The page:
DECLINING OGALLALA AQUIFER AND TEXAS PANHANDLE ECONOMY

The Texas Panhandle is one of the most unique and diversified agricultural areas in the world. Production agriculture contributes $3.41 billion in value-added production and more than $6.32 billion in economic activity annually. Eighty-five percent of the state’s fed beef, 45.8 percent of the wheat, 61.9 percent of the corn, and 23.0 percent of the sorghum are produced in the region. The growing livestock industry has accelerated the demand for feed grains in the area and has increased irrigation water demand. The Ogallala Aquifer is the primary source of irrigation water in the region. The depletion of the Ogallala by the excessive pumping of water is threatening the rural economy of the area. There is a critical need for developing sound water management policies that may result in balancing utilization and extending the life of the Ogallala to sustain the rural economies. Greater efficiency from the application of irrigation water through effective water management strategies and reallocation to higher value products can greatly reduce the rate of decline of the rural community and stabilize the availability of services in the area. The development of value added industries and transportation and distribution centers, and the expansion of medical and retirement facilities could significantly increase job availability and add stability to the rural communities.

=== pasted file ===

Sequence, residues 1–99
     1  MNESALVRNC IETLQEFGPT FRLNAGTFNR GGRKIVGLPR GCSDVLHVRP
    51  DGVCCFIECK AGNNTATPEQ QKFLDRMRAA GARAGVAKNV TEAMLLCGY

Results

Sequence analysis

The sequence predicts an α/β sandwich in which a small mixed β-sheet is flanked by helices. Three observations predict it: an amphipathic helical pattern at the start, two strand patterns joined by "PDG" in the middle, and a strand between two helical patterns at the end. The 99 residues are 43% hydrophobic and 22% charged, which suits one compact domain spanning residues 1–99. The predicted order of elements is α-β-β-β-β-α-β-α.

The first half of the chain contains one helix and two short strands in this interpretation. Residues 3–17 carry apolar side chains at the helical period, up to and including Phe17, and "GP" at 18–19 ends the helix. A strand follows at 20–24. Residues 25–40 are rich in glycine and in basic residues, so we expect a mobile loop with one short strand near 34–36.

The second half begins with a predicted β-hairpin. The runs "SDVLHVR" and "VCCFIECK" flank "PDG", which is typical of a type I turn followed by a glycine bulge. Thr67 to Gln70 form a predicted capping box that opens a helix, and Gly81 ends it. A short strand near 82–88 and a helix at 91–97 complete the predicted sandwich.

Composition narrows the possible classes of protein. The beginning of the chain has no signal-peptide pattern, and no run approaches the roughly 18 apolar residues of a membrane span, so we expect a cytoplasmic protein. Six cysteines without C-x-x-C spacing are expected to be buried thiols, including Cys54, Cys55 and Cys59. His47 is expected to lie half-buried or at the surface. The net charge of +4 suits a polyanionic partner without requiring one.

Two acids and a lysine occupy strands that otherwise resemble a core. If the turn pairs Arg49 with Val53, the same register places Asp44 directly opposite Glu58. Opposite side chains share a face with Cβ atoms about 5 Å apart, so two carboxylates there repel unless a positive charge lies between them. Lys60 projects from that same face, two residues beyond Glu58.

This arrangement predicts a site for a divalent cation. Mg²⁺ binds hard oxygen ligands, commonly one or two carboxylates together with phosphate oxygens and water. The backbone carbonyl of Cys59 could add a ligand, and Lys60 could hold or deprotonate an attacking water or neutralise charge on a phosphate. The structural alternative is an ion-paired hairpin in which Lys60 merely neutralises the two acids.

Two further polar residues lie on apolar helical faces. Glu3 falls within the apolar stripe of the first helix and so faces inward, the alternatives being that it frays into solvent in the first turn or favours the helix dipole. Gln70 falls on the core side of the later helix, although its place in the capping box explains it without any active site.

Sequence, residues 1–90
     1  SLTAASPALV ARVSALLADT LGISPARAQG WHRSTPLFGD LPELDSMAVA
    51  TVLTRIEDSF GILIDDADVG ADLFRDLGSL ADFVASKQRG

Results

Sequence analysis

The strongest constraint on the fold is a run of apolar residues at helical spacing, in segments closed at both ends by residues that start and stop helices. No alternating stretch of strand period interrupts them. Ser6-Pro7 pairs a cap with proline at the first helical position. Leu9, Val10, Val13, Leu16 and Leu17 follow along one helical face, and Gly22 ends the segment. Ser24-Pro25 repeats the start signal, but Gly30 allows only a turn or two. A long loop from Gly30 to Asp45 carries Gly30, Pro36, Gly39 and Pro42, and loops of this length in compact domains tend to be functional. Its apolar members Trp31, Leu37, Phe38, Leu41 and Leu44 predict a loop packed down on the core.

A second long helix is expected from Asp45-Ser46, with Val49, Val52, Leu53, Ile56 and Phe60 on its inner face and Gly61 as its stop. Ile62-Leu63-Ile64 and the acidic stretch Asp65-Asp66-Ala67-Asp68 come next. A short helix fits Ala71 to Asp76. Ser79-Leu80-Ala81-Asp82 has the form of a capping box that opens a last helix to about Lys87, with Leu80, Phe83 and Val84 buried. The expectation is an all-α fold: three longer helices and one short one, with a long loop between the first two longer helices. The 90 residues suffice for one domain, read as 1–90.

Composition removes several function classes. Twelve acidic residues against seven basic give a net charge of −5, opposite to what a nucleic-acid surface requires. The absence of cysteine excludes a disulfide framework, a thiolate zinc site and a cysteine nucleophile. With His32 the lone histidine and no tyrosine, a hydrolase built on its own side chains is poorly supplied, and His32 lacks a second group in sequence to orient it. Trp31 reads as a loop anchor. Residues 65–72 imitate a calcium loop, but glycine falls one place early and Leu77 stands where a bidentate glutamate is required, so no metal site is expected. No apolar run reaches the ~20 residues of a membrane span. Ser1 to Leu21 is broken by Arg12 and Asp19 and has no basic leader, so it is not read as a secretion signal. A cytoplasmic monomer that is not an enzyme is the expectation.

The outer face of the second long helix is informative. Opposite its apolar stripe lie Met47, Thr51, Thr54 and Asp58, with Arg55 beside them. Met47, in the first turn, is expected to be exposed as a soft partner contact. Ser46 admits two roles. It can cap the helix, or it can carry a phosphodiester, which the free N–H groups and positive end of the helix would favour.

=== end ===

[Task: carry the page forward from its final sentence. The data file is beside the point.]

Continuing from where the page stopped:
Issue Date:
2004
Publication Type:
Conference Paper/ Presentation
PURL Identifier:
http://purl.umn.edu/34646
Total Pages:
20
Series Statement:
Selected Paper




 Record created 2017-04-01, last modified 2017-08-25

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